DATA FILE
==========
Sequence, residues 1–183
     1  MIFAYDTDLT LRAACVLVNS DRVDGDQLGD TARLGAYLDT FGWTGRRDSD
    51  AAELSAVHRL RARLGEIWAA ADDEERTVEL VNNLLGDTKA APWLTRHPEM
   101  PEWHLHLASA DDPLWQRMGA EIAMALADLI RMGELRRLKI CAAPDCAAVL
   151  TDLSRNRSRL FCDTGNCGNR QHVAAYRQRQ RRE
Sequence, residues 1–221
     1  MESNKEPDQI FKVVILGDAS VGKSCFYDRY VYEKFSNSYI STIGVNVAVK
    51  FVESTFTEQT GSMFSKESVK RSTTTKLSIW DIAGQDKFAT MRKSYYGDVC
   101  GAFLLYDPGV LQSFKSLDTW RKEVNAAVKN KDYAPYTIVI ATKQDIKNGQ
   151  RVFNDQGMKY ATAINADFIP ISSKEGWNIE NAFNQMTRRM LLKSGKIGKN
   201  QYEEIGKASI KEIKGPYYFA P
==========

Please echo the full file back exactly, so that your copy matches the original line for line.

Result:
Sequence, residues 1–183
     1  MIFAYDTDLT LRAACVLVNS DRVDGDQLGD TARLGAYLDT FGWTGRRDSD
    51  AAELSAVHRL RARLGEIWAA ADDEERTVEL VNNLLGDTKA APWLTRHPEM
   101  PEWHLHLASA DDPLWQRMGA EIAMALADLI RMGELRRLKI CAAPDCAAVL
   151  TDLSRNRSRL FCDTGNCGNR QHVAAYRQRQ RRE
Sequence, residues 1–221
     1  MESNKEPDQI FKVVILGDAS VGKSCFYDRY VYEKFSNSYI STIGVNVAVK
    51  FVESTFTEQT GSMFSKESVK RSTTTKLSIW DIAGQDKFAT MRKSYYGDVC
   101  GAFLLYDPGV LQSFKSLDTW RKEVNAAVKN KDYAPYTIVI ATKQDIKNGQ
   151  RVFNDQGMKY ATAINADFIP ISSKEGWNIE NAFNQMTRRM LLKSGKIGKN
   201  QYEEIGKASI KEIKGPYYFA P